Like many innovators in new industries, Valley Irrigation (later Valmont Industries) struggled throughout the 1950s and 60s to refine their product and develop a customer base. Valley built only seven center pivot systems in 1955. By 1960, production had still only reached 50 units a year.
Then, by the end of the 1960s, the market took off – just as the original patent protecting Zybach’s invention ran out. By 1972, there were 2,725 pivot systems in Nebraska alone. By 1980, there were 18,785. And by 2002, there were an estimated 258,000 center pivots installed around the world.
Even before the patent ran out in 1969, other companies were bringing out their own systems and claiming that they weren’t using ideas from Zybach and Valley. Valley disagreed. The company filed a number of patent infringement lawsuits. They won most of them and settled out of court on others.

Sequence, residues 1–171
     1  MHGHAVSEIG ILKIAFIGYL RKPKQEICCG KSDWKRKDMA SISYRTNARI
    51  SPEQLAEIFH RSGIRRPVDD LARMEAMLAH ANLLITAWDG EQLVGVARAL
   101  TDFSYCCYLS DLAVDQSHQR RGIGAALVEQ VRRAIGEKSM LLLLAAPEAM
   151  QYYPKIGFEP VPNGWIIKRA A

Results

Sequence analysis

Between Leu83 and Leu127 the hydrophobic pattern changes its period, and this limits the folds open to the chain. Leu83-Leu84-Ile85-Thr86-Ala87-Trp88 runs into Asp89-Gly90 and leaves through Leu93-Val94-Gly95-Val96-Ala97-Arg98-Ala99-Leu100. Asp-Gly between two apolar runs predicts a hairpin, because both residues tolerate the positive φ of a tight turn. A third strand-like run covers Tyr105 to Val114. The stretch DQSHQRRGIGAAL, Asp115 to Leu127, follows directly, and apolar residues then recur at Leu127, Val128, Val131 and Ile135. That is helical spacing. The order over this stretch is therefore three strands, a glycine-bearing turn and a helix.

Robert Daugherty (right) now says, “I don’t think anybody likes competition… We were involved in some litigation that people infringed on the patent. That was a time consuming, costly activity that did some good.”
For the irrigation industry, the 1970s were like the Internet “Dot Com Bubble” period of the 1990s – lots of new companies tried their luck and ended going out of business. All told, more than 80 individuals and companies tried to manufacture and sell center pivot systems through the boom years. For a time around 1973, sales were stimulated by the Soviet Union buying up huge quantities of American grain. But by 1980, the export market dried up, agricultural credit dried up, farmers were in danger of losing their farms and almost all of the center pivot companies went out of business.
Today only a handful of center pivot companies remain, and the four largest – Valmont, T-L Irrigation, Lindsay Manufacturing, and Reinke Manufacturing – are all based in Nebraska.